We know how important it is for patients and families to be able to see visitors. Please help us keep our patients and staff as safe as possible by checking the guidance below before you visiting.
We recognise the impact that a long stay in hospital can have on families and the importance of maintaining strong communication. Our ward staff are keeping in touch with patients’ next of kin directly and our Voluntary Services team can help pass on personal messages from family and friends.
After suspending visiting earlier in the year, we are now able to offer limited visiting to some wards at the discretion of the nurse in-charge.”
We recognise the impact that a long stay in hospital can have on families and the importance of maintaining strong communication. Our ward staff are keeping in touch with patients’ next of kin directly and our Patient Advice and Liaison Service (PALS) can help pass on personal messages from family and friends.
The Queen Alexandra Hospital is located just on the hill slopes of Portsdown Hill overlooking Portsmouth. It is conveniently situated for both the M27 and A3M.
Family members and carers play an important role in supporting patients during an episode of ill health. We are committed to the active involvement of family members, friends and carers during a hospital stay. Family members and carers play an important role in supporting patients during an episode of ill health.
More information on visiting hospital for an appointment.
If you've had experience of using our services and would like to make a comment then please contact the Patient Advice and Liaison Service (PALS). Your views are very important to us and we would like to hear where you think improvements are needed or where things have gone so well that you would like to share your thanks or gratitude with the staff involved. When things have not gone so well then you can be sure that we want to hear from you, so please get in touch with PALS.
Our Strategy – Working Together, Improving Together
Our strategy sets out our vision, values, strategic aims and most importantly, how we will deliver against these ambitions for our patients, communities, and people in the future.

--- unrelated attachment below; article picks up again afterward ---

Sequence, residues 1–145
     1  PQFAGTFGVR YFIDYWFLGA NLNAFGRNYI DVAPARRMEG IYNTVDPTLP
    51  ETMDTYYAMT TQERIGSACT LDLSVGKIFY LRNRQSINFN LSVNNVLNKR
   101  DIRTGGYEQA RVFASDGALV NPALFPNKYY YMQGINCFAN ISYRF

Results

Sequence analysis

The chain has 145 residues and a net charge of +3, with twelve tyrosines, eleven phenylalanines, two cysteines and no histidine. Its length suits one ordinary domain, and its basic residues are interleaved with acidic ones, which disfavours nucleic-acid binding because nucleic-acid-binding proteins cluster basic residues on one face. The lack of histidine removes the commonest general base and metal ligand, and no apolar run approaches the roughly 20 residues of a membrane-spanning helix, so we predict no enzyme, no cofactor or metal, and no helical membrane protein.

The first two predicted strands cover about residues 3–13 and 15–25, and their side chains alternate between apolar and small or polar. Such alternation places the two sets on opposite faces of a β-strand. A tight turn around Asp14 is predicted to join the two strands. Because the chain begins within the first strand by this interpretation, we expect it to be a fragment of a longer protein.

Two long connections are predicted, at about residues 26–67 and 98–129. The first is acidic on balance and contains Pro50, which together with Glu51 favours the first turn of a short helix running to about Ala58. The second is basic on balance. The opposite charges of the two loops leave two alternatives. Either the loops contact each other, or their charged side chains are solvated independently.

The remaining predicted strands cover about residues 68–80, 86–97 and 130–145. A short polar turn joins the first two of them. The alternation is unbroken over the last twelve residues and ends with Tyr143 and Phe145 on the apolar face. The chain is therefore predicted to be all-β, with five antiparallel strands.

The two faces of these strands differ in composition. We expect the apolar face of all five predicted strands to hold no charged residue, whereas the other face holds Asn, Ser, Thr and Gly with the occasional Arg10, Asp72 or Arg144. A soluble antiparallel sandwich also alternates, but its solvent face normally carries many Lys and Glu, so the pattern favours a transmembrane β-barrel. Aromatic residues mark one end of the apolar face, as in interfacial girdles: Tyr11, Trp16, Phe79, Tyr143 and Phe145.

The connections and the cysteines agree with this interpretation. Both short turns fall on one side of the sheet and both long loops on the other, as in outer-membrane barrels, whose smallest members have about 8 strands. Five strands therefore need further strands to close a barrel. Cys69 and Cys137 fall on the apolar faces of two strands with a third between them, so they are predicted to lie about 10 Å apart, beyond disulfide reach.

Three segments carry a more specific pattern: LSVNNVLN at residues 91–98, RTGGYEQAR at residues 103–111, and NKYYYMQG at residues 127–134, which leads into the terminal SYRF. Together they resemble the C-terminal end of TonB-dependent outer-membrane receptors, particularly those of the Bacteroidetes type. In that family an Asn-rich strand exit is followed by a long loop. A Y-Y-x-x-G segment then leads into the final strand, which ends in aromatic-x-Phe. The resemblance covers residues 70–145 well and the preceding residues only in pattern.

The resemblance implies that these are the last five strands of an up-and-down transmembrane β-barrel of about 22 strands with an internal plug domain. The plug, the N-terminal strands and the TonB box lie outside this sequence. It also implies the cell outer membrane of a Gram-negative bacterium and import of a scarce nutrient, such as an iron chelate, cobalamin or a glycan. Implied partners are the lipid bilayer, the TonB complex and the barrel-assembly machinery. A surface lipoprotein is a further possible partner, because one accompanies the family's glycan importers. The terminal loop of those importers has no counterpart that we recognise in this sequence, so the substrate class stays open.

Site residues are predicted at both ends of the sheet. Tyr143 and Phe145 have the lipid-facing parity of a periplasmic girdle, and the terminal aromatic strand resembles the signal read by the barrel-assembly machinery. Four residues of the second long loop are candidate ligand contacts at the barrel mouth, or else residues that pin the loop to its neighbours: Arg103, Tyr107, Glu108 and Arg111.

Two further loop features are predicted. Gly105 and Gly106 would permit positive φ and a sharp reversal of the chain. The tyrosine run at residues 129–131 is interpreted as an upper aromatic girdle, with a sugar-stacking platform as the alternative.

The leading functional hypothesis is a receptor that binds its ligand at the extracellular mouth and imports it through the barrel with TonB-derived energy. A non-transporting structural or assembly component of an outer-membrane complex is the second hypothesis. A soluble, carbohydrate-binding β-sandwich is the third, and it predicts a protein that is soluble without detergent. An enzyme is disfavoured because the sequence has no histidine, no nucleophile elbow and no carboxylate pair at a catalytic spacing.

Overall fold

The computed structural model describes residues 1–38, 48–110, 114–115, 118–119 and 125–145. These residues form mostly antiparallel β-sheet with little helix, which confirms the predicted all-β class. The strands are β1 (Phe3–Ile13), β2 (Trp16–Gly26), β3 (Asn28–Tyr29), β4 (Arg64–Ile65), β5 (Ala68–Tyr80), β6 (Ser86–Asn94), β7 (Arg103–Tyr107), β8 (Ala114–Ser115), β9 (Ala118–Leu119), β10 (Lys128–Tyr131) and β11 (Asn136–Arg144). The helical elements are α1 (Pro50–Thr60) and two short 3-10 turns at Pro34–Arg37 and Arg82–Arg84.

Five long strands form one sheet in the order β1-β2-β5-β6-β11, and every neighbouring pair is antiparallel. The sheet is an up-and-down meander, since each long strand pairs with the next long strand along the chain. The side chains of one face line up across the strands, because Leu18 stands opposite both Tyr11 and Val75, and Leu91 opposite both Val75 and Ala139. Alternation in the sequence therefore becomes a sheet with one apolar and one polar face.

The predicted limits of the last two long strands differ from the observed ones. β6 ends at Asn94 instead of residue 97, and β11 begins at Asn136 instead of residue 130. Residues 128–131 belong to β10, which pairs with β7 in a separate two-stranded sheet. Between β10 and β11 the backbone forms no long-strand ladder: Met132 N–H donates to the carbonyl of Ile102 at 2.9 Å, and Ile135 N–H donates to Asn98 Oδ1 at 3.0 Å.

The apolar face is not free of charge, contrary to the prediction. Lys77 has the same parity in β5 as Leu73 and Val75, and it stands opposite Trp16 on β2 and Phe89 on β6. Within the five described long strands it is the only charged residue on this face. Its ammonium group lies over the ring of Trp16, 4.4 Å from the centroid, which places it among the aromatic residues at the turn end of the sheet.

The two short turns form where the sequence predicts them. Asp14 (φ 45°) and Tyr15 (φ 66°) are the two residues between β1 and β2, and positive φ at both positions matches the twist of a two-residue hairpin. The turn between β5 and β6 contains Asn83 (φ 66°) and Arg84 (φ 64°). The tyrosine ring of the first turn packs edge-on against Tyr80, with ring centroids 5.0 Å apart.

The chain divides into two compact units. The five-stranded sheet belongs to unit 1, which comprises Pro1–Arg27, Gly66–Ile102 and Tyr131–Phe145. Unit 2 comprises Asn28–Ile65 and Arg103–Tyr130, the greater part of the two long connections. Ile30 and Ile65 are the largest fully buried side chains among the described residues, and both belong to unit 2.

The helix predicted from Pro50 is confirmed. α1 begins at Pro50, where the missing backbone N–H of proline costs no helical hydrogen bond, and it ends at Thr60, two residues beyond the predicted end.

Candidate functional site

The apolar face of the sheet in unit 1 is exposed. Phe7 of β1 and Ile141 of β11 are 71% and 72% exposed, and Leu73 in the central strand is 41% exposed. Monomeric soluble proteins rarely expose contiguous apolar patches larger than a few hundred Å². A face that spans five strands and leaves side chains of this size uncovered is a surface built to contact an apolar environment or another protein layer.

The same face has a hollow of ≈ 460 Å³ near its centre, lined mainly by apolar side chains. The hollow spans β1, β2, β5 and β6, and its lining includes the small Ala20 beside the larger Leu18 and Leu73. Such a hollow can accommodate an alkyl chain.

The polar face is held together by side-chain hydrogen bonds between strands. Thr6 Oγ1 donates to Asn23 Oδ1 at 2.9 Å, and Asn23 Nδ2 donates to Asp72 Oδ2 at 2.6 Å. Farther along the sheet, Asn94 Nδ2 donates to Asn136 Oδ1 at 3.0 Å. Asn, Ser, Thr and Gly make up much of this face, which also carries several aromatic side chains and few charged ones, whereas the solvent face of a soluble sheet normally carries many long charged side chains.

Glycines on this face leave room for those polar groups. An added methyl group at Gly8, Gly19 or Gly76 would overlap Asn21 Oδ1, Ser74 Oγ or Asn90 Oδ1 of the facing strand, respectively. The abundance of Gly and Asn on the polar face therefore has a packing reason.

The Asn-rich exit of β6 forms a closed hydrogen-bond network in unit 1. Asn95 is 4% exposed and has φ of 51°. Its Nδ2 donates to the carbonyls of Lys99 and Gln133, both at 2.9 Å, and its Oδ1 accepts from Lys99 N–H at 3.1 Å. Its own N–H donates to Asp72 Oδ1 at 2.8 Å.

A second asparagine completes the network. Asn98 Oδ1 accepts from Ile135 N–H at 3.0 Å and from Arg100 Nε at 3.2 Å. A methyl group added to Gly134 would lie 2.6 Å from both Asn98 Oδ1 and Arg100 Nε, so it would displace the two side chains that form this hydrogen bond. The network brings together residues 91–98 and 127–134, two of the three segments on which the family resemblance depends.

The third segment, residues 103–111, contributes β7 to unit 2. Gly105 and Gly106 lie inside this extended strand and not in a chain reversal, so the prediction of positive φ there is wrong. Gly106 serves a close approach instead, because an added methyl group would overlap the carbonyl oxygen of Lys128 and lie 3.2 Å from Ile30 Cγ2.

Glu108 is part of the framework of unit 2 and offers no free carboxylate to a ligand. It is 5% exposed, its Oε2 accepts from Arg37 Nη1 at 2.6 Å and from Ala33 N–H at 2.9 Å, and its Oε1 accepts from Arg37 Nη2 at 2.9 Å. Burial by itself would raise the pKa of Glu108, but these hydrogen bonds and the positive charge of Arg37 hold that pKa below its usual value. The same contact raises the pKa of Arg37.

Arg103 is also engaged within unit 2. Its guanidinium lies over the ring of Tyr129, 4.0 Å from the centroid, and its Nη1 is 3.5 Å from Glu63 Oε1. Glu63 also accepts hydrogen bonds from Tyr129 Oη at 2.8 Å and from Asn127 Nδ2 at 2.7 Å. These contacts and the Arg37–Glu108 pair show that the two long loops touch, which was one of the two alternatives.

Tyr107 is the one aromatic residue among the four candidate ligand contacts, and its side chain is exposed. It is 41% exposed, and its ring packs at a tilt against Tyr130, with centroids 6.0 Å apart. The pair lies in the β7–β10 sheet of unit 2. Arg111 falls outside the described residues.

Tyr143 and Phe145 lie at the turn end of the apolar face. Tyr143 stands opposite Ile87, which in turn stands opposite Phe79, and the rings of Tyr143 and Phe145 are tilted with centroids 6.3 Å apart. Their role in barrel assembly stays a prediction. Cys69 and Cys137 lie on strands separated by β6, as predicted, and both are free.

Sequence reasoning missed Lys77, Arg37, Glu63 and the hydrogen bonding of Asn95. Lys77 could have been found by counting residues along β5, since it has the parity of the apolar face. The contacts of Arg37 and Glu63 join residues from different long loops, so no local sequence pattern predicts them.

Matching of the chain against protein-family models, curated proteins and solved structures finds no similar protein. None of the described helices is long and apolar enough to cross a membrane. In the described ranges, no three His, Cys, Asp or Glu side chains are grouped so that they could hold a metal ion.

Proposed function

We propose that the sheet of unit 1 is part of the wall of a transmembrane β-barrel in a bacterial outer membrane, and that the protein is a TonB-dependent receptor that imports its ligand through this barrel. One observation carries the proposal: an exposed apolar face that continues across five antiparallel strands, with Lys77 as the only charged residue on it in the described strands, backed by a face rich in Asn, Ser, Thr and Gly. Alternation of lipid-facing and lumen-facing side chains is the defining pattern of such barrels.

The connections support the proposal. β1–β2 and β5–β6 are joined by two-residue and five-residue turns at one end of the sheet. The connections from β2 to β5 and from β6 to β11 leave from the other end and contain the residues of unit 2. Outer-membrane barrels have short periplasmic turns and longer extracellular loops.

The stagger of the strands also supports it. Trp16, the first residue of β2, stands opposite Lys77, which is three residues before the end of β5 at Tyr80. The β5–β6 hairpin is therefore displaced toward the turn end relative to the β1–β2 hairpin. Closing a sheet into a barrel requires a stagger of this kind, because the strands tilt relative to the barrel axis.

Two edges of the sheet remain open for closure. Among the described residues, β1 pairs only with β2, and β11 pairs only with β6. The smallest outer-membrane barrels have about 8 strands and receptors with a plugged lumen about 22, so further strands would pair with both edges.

It is not just a document, it is for and about everyone at PHU, building on what we have achieved with a renewed focus on continuous improvement and the need to continue to work together and improve together to achieve our goals.
A full copy of the strategy can be downloaded here.
For more information, please visit our strategy webpage.
There are lots of opportunities for you to get involved with the Trust, from volunteering to attending our public meetings, our Annual General Meeting or our hospital open day which is held every year.
We welcome and value your feedback and use the views you share with us in a number of ways to learn and make improvements as well as sharing best practice. Feedback can be provided in a number of ways.
Last updated: 24 May 2022
To celebrate National Apprenticeship Week, our research support assistant Erin James wanted to share her journey into research through an apprenticeship.
She said: “I started my apprenticeship in the research department during September 2018 and completed it in July 2021. This was a degree apprenticeship, which involved me attending the University of Portsmouth once a fortnight to complete a Business Leadership and Management degree.
“I found this opportunity to be really engaging and beneficial to my career. My academic learning at university was enhanced by workplace experience in my research administration role. I loved being able to gain workplace experience and a salary, all while expanding my knowledge!